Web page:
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Executive power
Vince Flynn
Adult Fiction FLYNN

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From Publishers' Weekly:

Packed with likable characters and undergirded by an in-depth understanding of the tangled politics of the 21st-century Middle East, Flynn's latest spy thriller (after the bestselling Separation of Power) can rightly be termed a post-September 11 espionage novel. Mitch Rapp is the CIA's number one assassin, recently lauded by the president as "the single most important person in America's fight against terrorism." Recently married to a high-profile anchorwoman and given a desk job, Mitch is having a hard time settling into the brain center of the CIA and giving up the gritty end of operations. He can't seem to resist seeking hands-on involvement in his latest assignment: unraveling a murky plot to create a Palestinian state. A mysterious operative, "David," plans to assassinate the heads of the major terrorist groups in the region and pin the deaths on Israel, simultaneously creating sympathy for the Palestinian cause while striking a fatal blow against terrorism, which he despises. Though the novel never strays far from the many conventions of the genre-a cadre of international agents, pedantic bureaucrats, spoiled sheikhs, and a U.S. president and military unfailingly portrayed as noble-Flynn spins an entertaining narrative. Though the book deals with an Iraq still firmly under Saddam's control, it should appeal to Americans' burgeoning awareness of-and interest in-the complex affairs of the Middle East. Perhaps the book's greatest accomplishment is its oblique questioning of the politics of vengeance. "The only way to make them stop is to hit them harder than they hit us," says the leader of Israel's intelligence agency. As Flynn's book demonstrates, the tragedy is that those same words could easily come from either side. Agent, Sloan Harris. (May) (c) Copyright PWxyz, LLC. All rights reserved

From Library Journal:

Flynn is quickly establishing himself as the Raymond Chandler of the political thriller. Although similar to the tales of Tom Clancy, Flynn's stunning efforts are remarkable for their efficient prose, exquisite plotting, and excruciating suspense. Beginning with his first novel, Term Limits, the author's characters are continued in his subsequent works. Separation of Power hinges on the politically charged appointment of Irene Kennedy as the head of the CIA, while her primary operative, Mitch Rapp, must penetrate prewar Baghdad and remove nuclear warheads from beneath a hospital. Narrator Ken Kliban demonstrates a remarkable ability to portray diverse characters and replicate multiple accents. In Executive Power, Irene is now secure in her post at the CIA, and the war against terrorism has evolved into a multinational campaign pitting Islamic militants against Western diplomacy. Mitch, now a married consultant on counterterrorism, must balance his position as a White House analyst and husband with his background as a clandestine superagent. Veteran narrator George Guidall provides an entirely convincing performance; his timing and portrayal of characters are precise and thoroughly absorbing. While this is a journeyman effort by Guidall, Kliban's presentation is more impressive. Both works, however, are well done and strongly recommended for all libraries.-Ray Vignovich, West Des Moines P.L. (c) Copyright 2010. Library Journals LLC, a wholly owned subsidiary of Media Source, Inc. No redistribution permitted.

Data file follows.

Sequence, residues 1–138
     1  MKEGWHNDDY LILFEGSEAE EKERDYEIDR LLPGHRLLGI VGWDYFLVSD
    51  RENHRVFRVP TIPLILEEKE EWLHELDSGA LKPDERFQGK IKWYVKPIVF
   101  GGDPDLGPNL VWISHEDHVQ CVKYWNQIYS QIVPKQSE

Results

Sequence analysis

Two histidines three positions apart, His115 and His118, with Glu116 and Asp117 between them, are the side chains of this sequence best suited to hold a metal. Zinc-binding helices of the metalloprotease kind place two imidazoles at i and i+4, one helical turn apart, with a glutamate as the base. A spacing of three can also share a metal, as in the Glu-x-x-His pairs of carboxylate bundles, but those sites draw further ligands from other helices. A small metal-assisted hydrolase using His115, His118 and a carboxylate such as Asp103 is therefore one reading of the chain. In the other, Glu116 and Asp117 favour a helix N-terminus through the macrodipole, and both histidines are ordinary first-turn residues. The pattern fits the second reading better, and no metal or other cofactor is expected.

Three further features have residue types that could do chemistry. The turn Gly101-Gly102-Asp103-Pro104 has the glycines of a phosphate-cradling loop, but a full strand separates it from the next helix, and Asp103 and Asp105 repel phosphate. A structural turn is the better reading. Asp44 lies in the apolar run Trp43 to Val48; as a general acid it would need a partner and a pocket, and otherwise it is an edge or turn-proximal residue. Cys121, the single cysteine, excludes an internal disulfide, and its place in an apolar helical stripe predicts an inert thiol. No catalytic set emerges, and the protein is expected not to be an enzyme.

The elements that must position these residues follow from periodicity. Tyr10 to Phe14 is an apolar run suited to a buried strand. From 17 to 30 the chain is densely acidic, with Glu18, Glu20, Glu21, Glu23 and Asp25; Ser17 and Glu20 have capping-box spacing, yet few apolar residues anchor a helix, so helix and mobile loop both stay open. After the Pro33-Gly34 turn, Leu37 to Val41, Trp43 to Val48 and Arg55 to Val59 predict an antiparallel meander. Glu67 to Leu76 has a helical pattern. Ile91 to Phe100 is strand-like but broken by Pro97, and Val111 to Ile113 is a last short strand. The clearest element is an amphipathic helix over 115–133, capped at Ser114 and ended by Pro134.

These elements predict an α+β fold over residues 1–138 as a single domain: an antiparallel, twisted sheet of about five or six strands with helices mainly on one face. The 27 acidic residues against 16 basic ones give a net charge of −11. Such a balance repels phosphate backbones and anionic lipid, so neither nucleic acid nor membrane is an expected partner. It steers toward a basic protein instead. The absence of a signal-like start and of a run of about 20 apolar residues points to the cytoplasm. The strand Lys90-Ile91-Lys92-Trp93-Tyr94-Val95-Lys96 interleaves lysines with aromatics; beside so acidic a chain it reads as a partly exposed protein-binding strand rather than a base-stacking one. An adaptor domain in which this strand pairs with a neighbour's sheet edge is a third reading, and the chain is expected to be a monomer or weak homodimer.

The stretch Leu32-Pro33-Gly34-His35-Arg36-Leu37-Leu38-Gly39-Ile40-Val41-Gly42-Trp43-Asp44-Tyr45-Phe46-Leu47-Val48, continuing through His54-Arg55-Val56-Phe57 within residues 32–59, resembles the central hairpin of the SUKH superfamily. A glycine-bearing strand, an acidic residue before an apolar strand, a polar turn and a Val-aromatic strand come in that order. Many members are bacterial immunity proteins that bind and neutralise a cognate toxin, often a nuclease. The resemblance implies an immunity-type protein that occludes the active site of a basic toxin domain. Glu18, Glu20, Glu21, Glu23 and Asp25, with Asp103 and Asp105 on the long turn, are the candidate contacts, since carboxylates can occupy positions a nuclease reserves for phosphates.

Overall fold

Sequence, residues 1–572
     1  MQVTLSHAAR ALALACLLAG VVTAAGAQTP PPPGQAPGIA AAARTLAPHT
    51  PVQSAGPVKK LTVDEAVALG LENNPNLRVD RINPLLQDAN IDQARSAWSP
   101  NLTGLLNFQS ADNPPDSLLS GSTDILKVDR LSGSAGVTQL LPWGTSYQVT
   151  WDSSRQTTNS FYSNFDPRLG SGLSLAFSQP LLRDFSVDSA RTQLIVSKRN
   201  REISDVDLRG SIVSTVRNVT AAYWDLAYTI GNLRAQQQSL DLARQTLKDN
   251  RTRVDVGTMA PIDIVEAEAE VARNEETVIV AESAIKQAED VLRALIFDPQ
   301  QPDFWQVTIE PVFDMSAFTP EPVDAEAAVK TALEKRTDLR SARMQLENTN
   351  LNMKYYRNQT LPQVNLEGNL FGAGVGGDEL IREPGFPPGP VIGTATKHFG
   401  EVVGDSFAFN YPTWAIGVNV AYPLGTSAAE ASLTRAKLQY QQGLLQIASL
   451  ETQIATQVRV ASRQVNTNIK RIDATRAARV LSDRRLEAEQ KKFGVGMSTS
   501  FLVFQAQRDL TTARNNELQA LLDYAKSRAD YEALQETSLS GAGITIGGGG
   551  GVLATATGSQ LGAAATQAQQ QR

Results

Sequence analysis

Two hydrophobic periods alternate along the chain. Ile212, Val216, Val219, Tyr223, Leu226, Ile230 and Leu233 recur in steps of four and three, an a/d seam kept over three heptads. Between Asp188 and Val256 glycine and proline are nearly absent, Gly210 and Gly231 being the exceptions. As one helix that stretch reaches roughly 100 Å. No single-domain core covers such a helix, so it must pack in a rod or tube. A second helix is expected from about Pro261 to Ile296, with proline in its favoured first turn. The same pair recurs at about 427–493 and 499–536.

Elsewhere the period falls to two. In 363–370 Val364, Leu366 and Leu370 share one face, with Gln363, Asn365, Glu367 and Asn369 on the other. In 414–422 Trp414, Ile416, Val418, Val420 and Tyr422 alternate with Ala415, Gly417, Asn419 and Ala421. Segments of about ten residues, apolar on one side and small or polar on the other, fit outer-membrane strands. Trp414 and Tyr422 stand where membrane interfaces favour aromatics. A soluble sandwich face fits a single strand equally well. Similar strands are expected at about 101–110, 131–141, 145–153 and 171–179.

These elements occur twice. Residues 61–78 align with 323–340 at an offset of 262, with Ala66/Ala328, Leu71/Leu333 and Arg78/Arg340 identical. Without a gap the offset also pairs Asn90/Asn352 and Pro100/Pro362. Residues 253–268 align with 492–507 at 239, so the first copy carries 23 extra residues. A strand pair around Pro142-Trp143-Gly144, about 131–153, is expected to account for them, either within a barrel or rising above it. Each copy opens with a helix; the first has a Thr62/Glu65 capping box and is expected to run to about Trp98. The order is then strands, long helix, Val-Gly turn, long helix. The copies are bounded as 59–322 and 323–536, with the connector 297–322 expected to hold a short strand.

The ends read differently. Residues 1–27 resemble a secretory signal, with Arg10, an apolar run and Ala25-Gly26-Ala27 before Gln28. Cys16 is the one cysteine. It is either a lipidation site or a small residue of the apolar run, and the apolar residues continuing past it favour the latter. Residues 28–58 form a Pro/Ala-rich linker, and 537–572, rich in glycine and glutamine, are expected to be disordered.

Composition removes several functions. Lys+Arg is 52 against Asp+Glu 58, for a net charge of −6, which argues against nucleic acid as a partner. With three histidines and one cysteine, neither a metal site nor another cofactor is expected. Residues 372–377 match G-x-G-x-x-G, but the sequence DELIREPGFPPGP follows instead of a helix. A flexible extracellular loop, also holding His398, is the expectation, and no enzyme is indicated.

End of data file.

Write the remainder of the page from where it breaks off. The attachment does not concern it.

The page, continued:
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main characters Mitch Rapp
Male
Age: 30s
Newlywed
The CIA's top counterterrorism operative; recently married to Anna; has been given a desk job since his covert living has been destroyed after the president publicly addressed him as a hero; sent to rescue a group of Navy SEALS sent to the Philippines to save an American family kidnapped by Islamic terrorists.
Counterterrorism agent

Anna Rielly
Female
Newlywed
Mitch's wife.
Journalist



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